• Encourage all employees and customers to wear PPE where applicable, and recommend that customers wear a face covering (not N-95 or medical masks, which should be reserved for healthcare workers);
  • Adjust equipment layout and close or restrict access to equipment to maintain at least six feet of distance between equipment;
  • Temporarily close water fountains, common areas, break rooms, check-in counters, where customers or employees may congregate. Encourage users to provide their own water;
  • No self-service options (coffee bars, smoothie stations and other forms of communal food in facilities). Food retail should follow restaurant guidelines;
  • Ensure that staffing of facilities is sufficient to enable enhanced sanitization and cleaning measures;

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Work from home extended for state employees

The doors of the state Capitol were closed to the public on March 16, 2020. (Erik Schelzig, Tennessee Journal)

The about 23,000 state employees who have been working from home because of the coronavirus pandemic will be doing so for another month.

According to a memo from the state Department of Human Resources, the work from home arrangement has been extended until at least May 26. Meanwhile, Gov. Bill Lee this week began reopening segments of the economy like restaurants and retail stores.

About 18,000 state employees, or 44% of the total full-time workforce, have still been required to come to work during COVID-19. Changes are being made to account for the new workplace realities.

“Not only will this help the State of Tennessee reboot from the current crisis, it will also prepare our workforce for the future,” according to the memo.

Here’s the full memorandum:

Dear State Employees,

Thank you once again for your commitment to maintain services to  support the health, welfare, and safety of Tennesseans during the pandemic. As we strive to continue business in the safest, most responsible way possible, please review the following announcements regarding work from home, state facilities, workforce recalibration, and mission critical hiring.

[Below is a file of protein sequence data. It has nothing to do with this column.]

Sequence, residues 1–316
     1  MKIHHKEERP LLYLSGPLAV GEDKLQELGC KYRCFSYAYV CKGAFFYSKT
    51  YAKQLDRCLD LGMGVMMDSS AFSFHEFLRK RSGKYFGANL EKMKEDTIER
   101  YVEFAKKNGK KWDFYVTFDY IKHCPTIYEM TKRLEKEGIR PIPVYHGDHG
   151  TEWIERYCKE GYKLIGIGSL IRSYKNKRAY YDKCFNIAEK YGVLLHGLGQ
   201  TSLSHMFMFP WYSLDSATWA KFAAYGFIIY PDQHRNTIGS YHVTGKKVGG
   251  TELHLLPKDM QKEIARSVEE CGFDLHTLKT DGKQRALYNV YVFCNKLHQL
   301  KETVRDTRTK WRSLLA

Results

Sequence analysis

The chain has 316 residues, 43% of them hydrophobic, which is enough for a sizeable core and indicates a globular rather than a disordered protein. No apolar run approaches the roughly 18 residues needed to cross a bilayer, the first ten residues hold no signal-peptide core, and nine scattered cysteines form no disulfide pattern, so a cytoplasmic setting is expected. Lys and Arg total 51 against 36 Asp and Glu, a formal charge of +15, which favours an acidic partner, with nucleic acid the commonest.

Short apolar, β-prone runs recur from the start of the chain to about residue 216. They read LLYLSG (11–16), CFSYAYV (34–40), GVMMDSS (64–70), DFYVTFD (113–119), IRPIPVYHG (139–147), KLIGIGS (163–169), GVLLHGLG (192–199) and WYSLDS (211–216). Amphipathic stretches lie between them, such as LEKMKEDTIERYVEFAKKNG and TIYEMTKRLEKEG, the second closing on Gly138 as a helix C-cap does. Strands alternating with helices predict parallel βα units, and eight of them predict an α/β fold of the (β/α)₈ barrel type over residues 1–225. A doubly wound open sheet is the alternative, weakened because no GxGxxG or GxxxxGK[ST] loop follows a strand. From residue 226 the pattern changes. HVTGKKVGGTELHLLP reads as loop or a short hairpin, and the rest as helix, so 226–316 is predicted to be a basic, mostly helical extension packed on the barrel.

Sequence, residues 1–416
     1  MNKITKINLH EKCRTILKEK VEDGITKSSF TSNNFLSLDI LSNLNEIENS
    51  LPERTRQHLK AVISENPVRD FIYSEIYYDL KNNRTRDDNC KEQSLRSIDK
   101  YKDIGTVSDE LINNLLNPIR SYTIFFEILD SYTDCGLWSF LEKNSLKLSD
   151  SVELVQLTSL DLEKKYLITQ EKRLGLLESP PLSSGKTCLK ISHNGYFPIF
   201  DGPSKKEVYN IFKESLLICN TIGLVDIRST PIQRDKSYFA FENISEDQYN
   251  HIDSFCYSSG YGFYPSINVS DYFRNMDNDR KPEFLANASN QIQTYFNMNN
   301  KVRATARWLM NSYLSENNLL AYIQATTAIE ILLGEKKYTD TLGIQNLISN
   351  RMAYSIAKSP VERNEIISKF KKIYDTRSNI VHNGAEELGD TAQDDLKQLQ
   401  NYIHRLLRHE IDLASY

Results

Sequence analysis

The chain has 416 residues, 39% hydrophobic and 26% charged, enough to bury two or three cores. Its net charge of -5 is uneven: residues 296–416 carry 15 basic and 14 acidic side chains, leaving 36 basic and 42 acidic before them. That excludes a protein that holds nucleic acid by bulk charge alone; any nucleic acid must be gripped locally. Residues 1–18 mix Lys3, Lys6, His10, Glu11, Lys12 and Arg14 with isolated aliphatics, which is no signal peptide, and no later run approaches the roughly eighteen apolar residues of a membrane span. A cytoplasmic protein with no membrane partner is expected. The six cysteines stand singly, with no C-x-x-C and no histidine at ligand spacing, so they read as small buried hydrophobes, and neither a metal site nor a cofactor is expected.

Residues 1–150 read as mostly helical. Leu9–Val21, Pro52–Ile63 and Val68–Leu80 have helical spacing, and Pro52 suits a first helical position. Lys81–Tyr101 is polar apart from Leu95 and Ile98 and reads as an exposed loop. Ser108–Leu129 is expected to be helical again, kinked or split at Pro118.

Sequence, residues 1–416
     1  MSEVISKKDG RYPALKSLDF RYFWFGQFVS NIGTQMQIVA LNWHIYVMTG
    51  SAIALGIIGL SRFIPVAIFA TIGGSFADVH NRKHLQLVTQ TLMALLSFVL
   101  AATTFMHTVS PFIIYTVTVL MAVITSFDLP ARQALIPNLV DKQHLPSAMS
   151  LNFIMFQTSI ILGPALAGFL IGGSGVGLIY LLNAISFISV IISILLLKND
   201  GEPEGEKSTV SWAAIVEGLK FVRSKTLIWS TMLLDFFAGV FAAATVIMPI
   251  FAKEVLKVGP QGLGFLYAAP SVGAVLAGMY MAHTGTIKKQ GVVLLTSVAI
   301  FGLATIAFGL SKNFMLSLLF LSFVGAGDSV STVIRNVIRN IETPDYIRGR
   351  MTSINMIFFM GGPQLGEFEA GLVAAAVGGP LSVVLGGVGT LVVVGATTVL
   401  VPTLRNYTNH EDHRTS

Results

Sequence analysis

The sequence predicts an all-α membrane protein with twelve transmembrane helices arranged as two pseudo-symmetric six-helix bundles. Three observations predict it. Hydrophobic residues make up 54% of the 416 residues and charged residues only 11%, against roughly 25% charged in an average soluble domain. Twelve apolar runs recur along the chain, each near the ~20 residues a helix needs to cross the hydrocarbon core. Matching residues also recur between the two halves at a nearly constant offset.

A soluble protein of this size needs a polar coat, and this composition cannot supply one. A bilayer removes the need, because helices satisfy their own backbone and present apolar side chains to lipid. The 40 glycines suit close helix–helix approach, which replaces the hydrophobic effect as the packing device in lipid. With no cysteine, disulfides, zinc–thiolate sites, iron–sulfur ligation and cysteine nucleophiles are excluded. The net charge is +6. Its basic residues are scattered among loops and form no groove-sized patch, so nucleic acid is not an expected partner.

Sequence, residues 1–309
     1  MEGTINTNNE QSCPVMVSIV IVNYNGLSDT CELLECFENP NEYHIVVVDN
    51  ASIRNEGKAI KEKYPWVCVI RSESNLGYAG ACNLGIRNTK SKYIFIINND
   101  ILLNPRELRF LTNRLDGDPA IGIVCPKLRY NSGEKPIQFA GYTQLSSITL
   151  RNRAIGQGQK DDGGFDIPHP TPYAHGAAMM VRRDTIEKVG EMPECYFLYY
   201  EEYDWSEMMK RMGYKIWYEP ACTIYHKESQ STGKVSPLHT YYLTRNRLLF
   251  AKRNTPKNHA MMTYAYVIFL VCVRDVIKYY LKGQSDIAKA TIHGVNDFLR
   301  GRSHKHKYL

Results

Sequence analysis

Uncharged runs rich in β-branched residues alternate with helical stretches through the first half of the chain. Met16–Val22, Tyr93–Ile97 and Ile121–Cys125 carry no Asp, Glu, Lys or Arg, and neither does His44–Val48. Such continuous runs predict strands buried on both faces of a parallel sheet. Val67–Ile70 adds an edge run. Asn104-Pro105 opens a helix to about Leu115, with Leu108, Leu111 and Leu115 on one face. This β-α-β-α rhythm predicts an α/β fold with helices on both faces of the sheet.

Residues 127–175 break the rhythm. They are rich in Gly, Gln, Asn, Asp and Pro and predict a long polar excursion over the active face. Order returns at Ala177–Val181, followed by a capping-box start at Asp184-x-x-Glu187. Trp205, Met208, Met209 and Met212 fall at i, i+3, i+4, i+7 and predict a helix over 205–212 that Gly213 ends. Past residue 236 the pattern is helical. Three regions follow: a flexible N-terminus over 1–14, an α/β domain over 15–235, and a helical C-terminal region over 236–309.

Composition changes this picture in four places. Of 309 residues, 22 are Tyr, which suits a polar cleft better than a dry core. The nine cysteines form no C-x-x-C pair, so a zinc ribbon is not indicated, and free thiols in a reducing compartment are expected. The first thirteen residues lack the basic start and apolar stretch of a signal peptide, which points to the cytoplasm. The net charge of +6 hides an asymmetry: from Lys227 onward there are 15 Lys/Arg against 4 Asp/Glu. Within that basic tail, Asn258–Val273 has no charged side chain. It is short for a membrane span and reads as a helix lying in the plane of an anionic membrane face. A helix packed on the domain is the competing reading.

Work From Home Extension
To support efforts to maintain social distancing, the directive for employees who are able to work from home is being extended to at least Tuesday, May 26. While work from home will continue where possible, the state is developing plans for a phased approach to return to state offices where needed. The plans will support site-critical employees in returning to their worksites safely. At the same time, work from home may continue for employees who are fully virtually enabled as a means to support social distancing.

State Facilities Update
Efforts are underway to ensure workspaces are ready to support safe employee return. The State of Tennessee will continue to follow the guidance of the Centers for Disease Control (CDC) and Department of Health (DOH) for the cleaning and disinfecting of state facilities and usage of personal protective equipment (PPE).

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AG: Governor’s emergency powers preempt locals

State Attorney General Herbert Slatery, right, speaks with Rep. Jerry Sexton (R-Bean Station) on the House floor in Nashville on Feb. 3, 2020. (Erik Schelzig, Tennessee Journal)

The governor’s emergency powers trump the authority of local health departments to issue restrictions in response to the coronavirus pandemic, according to a rare legal opinion issued by state Attorney General Herbert Slatery.

The opinion was requested by Senate Speaker Randy McNally (R-Oak Ridge) and House Speaker Cameron Sexton (R-Crossville)

It’s just the seventh legal opinion issued by Slatery’s office this year. Here it is: